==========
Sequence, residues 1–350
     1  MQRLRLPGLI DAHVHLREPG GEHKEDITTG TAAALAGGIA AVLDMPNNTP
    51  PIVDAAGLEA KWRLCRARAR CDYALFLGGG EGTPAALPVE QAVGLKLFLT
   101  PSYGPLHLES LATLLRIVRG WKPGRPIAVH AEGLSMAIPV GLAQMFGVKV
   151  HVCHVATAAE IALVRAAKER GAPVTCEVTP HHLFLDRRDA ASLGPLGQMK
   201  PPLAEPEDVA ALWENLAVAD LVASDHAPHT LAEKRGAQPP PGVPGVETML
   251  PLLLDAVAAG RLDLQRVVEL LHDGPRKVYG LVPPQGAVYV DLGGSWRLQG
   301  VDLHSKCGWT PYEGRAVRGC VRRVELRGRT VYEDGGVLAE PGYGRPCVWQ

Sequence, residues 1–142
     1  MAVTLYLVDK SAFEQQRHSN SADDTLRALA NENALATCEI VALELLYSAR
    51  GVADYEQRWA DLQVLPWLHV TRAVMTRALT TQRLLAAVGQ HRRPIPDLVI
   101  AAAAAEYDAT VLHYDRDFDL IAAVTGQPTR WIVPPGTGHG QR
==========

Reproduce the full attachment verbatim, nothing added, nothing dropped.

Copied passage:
Sequence, residues 1–350
     1  MQRLRLPGLI DAHVHLREPG GEHKEDITTG TAAALAGGIA AVLDMPNNTP
    51  PIVDAAGLEA KWRLCRARAR CDYALFLGGG EGTPAALPVE QAVGLKLFLT
   101  PSYGPLHLES LATLLRIVRG WKPGRPIAVH AEGLSMAIPV GLAQMFGVKV
   151  HVCHVATAAE IALVRAAKER GAPVTCEVTP HHLFLDRRDA ASLGPLGQMK
   201  PPLAEPEDVA ALWENLAVAD LVASDHAPHT LAEKRGAQPP PGVPGVETML
   251  PLLLDAVAAG RLDLQRVVEL LHDGPRKVYG LVPPQGAVYV DLGGSWRLQG
   301  VDLHSKCGWT PYEGRAVRGC VRRVELRGRT VYEDGGVLAE PGYGRPCVWQ

Sequence, residues 1–142
     1  MAVTLYLVDK SAFEQQRHSN SADDTLRALA NENALATCEI VALELLYSAR
    51  GVADYEQRWA DLQVLPWLHV TRAVMTRALT TQRLLAAVGQ HRRPIPDLVI
   101  AAAAAEYDAT VLHYDRDFDL IAAVTGQPTR WIVPPGTGHG QR